World-Building: 5 Things an Author Should Know About Myths

I’m very passionate about mythology. Beyond the fascinating cleverness that goes into each myth at its conception, mythology as its own brand of story-telling has always been an awe-inspiring way to bring magic into the mundane. So, whether your novel’s world has real magic in it or not, and whether your character has access to that magic or not, myths are a way to bring that fantastical element right to your characters.

 

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Image found on betanews

1. Myths, or lack thereof, are an important foundation for character beliefs.

 

I don’t think much argument is required for the statement “Religious beliefs are a fundamental part of a character.” Simply compare medieval Europe, where the question wasn’t belief in God but rather one’s thoughts about God was the biggest question, to present-day Europe (or America, if that makes a difference, as I think the similarities are present enough for the point I’m trying to make), with the great shift from religion to spirituality.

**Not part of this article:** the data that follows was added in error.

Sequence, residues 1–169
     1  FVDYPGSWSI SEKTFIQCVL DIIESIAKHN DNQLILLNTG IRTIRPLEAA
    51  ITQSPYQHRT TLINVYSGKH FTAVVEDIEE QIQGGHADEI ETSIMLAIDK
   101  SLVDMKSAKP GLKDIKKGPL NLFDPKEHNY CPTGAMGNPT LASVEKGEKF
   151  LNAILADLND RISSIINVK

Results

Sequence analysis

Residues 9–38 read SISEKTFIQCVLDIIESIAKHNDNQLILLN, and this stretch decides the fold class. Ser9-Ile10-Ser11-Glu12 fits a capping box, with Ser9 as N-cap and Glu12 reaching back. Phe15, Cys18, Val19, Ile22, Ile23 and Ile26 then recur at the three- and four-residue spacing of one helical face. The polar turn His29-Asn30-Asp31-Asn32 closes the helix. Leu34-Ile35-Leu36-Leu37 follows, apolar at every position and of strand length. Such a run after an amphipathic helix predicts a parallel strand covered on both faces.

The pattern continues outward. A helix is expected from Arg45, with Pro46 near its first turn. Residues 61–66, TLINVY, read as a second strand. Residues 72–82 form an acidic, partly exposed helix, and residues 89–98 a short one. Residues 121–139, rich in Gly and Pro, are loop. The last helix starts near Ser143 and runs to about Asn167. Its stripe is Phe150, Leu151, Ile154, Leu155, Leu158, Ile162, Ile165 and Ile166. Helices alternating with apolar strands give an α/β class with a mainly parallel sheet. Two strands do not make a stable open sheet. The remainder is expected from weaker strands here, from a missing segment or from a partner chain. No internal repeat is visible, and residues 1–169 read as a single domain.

The concept of mythology for your characters is along the same veins. In large part, because myths are almost always linked to religion. A full mythology often results from a polytheistic religion, because the different gods and goddesses have different capabilities and thus one would be used to explain the origins of something, etc. However, myths can still arise from a monotheistic religion. The Christian narrative of Noah’s Ark is a myth that explains the origin of the rainbow, and certainly, the creation of Eden is a myth that explains the origins of the earth.

In any case, mythology is one of those factors that links many different people together under a set of beliefs. It can ground characters in the world they live in, rather than have them float upon it. It can spawn preferences in characters’ figurative language, or influence how they react to any given phenomena, such as wonder, disdain, disgust, or reverence.

2. There are a few different kinds of myths.

You can Google “types of myths,” and you’ll probably get a few different answers, depending on what sites you visit. The point is, there are no set types of myths. All it is meant to do is explain something otherwise inexplicable to your characters.

That said, I think there are three fundamental types of mythology.

Legendary Kraken, monster of the deep, pictured as a giant squid. Engraving 1870.
Image found on BBC
  1. Origin myths explain things related to the natural world: lightnings and rainbows, for example, or perhaps earthquakes or hurricanes. They might explain the name or color or structure of a plant or animal. They might explain the passing seasons, or the celestial bodies.